Coping with stress, or stress management, is defined as any attempt to deal with stress; coping responses are also variable, and some are more or less effective than others. Positive and effective ways to deal with stress include reducing identified stressors (when feasible) and/or disclosing and discussing stressful life events with a trusted other. Physical exercise has consistently been shown to reduce the negative effects of stress, as well as significantly slow the aging process. Negative attempts at stress reduction include responses that are characterized by increased levels of anger or aggression, avoidance or denial of stressful events, or overuse of drugs or alcohol. The process of stress management in middle adulthood has the potential to limit age-related increases in disease processes as well as reduce the severity of illnesses that may occur. Finally, the fact that mental health diseases and disorders actually occur less commonly at midlife than in adolescence or early adulthood may be related to more effective stress management in middle adulthood.

To summarize, the course of physical development in middle adulthood has been shown to involve some changes that are both universal and inevitable. However, it has also been clearly demonstrated that many aspects of physical developmental change processes are highly individualized and amenable to the positive effects of individual choices, lifestyles, and volitional behaviors. So while there are specific age-related physical decrements that one must come to accommodate and/or accept, one may also live in such a way throughout middle adulthood so as to optimize one's health and physical functioning well into late middle adulthood and beyond.


Cognitive development at midlife represents the changes that take place with respect to one's thinking, reasoning, decision-making, and problem-solving abilities. A review of the data related to cognition in middle adulthood reveals that two distinct types of cognition dominate the research. These are fluid intelligence and crystallized intelligence. Fluid intelligence refers to the ability to process and analyze basic information, as well as memory skills and the ability to detect relationships. The speed at which one can perform these tasks is also important in fluid intelligence. Crystallized intelligence refers to abilities that are dependent on accumulated knowledge and experience, sound judgment, and mastery of social conventions. Research has shown that fluid abilities predominate prior to midlife, showing a decrease as one ages, and that crystallized abilities are at their highest at midlife and beyond. However, studies also exist that demonstrate relative stability in a variety of tasks related to both fluid and crystallized intelligence. Furthermore, fluid intelligence is thought to be influenced more by conditions in the brain such as memory and processing speed, as well as by learning that is unique to the individual. The acquisition of crystallized abilities appears to be related to the degree to which these abilities are valued by an individual's culture or society. Related to the concept of the influence of culture and society is the cognitive ability referred to as practical intelligence, which is defined as a broad range of skills related to how individuals shape, select, or adapt to their physical and social environments. These skills require an individual to size up real-world situations and analyze how best to achieve goals that have a high degree of uncertainty.

Cognitive development was once thought to be the exclusive domain of childhood and adolescence, with any changes occurring at midlife limited to the decline and deterioration of function. Jean Piaget, perhaps the best known of the cognitive theorists, developed a four-stage theory of cognitive development with age-specific stages beginning in infancy and continuing into adolescence. Piaget's fourth and final stage of cognitive development is termed formal operations. This stage is characterized by the capacity for abstract, scientific thought processes. Individuals engaged in formal operational thought begin with a general theory of all possibilities related to a specific life situation, then progress to specific hypotheses or predictions about what might occur, and finally test various hypotheses.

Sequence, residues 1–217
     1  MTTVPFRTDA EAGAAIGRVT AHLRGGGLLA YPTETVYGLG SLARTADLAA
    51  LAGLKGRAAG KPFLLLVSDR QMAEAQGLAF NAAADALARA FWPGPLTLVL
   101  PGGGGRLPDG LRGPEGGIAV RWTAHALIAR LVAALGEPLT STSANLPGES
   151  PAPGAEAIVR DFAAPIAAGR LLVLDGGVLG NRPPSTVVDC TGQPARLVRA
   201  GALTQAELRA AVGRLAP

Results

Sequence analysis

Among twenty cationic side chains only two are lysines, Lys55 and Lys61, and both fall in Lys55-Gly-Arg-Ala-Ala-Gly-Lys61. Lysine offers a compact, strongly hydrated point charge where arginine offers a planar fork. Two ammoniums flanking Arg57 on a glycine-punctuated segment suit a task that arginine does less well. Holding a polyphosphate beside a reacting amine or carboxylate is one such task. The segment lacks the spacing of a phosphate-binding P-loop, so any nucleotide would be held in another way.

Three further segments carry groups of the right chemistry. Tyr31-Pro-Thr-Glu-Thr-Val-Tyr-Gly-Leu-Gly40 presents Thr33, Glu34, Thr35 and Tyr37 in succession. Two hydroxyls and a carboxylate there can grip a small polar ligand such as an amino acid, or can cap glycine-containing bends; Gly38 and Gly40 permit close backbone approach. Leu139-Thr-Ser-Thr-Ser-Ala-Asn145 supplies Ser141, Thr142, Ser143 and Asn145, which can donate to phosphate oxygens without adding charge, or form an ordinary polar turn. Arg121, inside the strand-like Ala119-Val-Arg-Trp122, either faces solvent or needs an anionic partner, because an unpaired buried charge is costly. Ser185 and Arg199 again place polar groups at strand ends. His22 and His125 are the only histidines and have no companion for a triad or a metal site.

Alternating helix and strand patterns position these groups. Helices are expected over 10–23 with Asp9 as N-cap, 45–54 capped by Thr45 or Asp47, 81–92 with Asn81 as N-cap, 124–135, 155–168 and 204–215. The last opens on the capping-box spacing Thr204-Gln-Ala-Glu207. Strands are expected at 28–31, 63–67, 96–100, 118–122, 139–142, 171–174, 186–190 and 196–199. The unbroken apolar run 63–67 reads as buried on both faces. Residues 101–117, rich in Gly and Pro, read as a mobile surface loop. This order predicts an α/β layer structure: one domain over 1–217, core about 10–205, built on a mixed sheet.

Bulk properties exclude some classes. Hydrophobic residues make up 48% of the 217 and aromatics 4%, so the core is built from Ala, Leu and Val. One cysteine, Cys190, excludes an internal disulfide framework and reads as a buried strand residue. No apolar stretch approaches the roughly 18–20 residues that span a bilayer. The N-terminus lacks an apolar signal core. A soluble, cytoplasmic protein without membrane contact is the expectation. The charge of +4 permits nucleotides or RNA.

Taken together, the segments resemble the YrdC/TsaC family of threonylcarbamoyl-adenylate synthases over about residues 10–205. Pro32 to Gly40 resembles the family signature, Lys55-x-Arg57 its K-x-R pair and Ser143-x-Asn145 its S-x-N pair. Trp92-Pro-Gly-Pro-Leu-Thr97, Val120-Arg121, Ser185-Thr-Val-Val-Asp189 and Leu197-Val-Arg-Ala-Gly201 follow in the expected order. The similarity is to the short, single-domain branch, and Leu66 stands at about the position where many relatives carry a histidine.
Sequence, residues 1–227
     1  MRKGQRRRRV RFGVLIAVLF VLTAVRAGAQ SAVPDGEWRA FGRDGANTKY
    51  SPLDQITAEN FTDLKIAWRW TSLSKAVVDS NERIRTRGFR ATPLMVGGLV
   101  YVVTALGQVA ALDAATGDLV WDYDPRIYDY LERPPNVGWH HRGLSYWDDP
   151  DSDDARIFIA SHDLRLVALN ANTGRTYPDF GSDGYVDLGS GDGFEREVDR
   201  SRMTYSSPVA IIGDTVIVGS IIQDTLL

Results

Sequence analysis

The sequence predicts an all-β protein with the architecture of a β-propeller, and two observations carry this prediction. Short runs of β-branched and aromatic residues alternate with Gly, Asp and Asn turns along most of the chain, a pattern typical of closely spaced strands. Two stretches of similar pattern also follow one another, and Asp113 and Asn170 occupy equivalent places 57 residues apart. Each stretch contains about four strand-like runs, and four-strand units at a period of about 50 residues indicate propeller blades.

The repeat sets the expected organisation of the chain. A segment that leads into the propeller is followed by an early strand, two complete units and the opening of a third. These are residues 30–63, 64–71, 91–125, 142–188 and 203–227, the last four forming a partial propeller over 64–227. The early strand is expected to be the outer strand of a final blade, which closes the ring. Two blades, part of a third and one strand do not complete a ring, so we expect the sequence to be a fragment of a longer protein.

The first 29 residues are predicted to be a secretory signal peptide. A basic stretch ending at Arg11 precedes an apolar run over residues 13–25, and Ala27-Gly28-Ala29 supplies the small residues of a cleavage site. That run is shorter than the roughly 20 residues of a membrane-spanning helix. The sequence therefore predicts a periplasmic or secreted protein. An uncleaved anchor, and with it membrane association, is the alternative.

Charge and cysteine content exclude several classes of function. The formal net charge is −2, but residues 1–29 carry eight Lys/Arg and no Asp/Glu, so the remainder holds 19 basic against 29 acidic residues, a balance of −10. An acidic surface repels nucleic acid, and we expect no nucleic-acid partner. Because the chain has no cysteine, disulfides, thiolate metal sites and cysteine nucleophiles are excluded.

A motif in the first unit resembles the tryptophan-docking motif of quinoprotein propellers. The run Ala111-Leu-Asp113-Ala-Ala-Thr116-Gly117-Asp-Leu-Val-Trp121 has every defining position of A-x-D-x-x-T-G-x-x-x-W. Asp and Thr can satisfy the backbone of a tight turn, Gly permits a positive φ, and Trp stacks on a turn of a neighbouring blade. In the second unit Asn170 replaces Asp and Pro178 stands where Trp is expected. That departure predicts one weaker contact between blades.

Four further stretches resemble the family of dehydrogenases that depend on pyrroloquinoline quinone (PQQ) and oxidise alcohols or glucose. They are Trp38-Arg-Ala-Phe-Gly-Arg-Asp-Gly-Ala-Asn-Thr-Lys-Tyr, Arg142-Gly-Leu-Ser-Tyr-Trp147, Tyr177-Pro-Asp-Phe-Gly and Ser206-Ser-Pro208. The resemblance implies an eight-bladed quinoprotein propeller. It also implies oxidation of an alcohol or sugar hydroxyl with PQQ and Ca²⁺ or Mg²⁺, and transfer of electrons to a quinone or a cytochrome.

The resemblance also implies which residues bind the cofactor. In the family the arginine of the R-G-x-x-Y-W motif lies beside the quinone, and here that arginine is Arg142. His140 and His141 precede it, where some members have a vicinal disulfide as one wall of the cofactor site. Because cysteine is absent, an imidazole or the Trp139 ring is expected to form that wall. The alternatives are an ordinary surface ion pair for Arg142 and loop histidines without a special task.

More recently, cognitive theorists and researchers have described stages of cognitive development that extend beyond Piaget's stage of formal operations. Termed postformal operations, or fifth stage thinking/thought, it is now widely recognized and accepted thatPage 839  |  Top of Article cognitive development may continue into early, middle, and later adulthood. The dynamics of postformal operational theory include a progression from dualistic thinking, characterized by thinking in terms of concrete absolutes, or viewing life in terms of black and white, to relativistic thinking, characterized by the realization that multiple perspectives or shades of gray exist with respect to many life situations. This developmental shift in cognitive abilities occurs in early or middle adulthood, if it occurs at all. Research has shown that this advanced form of cognition is primarily the domain of midlife and includes practical intelligence and dialectical thought. Dialectical thought consists of the components of relativistic thought with the additional capacity to consider multiple perspectives simultaneously. As a more advanced level of cognitive functioning, dialectical thinking also entails the ability to integrate and synthesize information with respect to multiple perspectives, ideas, or experiences and the potential contradictions, inconsistencies, or life dilemmas. Acquisition of the capacity for dialectical thought enables individuals at midlife to effectively cope with changing perspectives of oneself, others, and the world. It becomes clear that few questions, experiences, or relationships have a single unchanging and objective answer or response. Finally, those who achieve the capacity for dialectical thought recognize that while there may be multiple perspectives regarding many life situations, some are more valid or just than others, which facilitates more effective decision making. Practical intelligence is defined as a broad range of skills related to how individuals shape, select, and adapt to their physical and social environments. The skills of practical intelligence are related to those of dialectical processes in that they require one to evaluate real-world situations and determine how best to achieve goals having a high degree of uncertainty.